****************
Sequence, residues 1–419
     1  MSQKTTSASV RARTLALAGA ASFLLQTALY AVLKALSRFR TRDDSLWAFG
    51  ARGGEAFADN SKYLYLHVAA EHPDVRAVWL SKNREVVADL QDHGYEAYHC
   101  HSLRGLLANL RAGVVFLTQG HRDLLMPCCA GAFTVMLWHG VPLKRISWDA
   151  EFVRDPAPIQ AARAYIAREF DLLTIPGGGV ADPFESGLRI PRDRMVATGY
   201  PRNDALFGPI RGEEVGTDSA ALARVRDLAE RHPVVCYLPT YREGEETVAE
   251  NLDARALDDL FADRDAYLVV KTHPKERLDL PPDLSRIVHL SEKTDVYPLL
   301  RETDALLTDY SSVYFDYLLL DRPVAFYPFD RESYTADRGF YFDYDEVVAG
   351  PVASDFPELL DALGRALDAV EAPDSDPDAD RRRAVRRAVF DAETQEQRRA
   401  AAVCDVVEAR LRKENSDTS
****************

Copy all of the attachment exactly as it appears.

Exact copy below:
Sequence, residues 1–419
     1  MSQKTTSASV RARTLALAGA ASFLLQTALY AVLKALSRFR TRDDSLWAFG
    51  ARGGEAFADN SKYLYLHVAA EHPDVRAVWL SKNREVVADL QDHGYEAYHC
   101  HSLRGLLANL RAGVVFLTQG HRDLLMPCCA GAFTVMLWHG VPLKRISWDA
   151  EFVRDPAPIQ AARAYIAREF DLLTIPGGGV ADPFESGLRI PRDRMVATGY
   201  PRNDALFGPI RGEEVGTDSA ALARVRDLAE RHPVVCYLPT YREGEETVAE
   251  NLDARALDDL FADRDAYLVV KTHPKERLDL PPDLSRIVHL SEKTDVYPLL
   301  RETDALLTDY SSVYFDYLLL DRPVAFYPFD RESYTADRGF YFDYDEVVAG
   351  PVASDFPELL DALGRALDAV EAPDSDPDAD RRRAVRRAVF DAETQEQRRA
   401  AAVCDVVEAR LRKENSDTS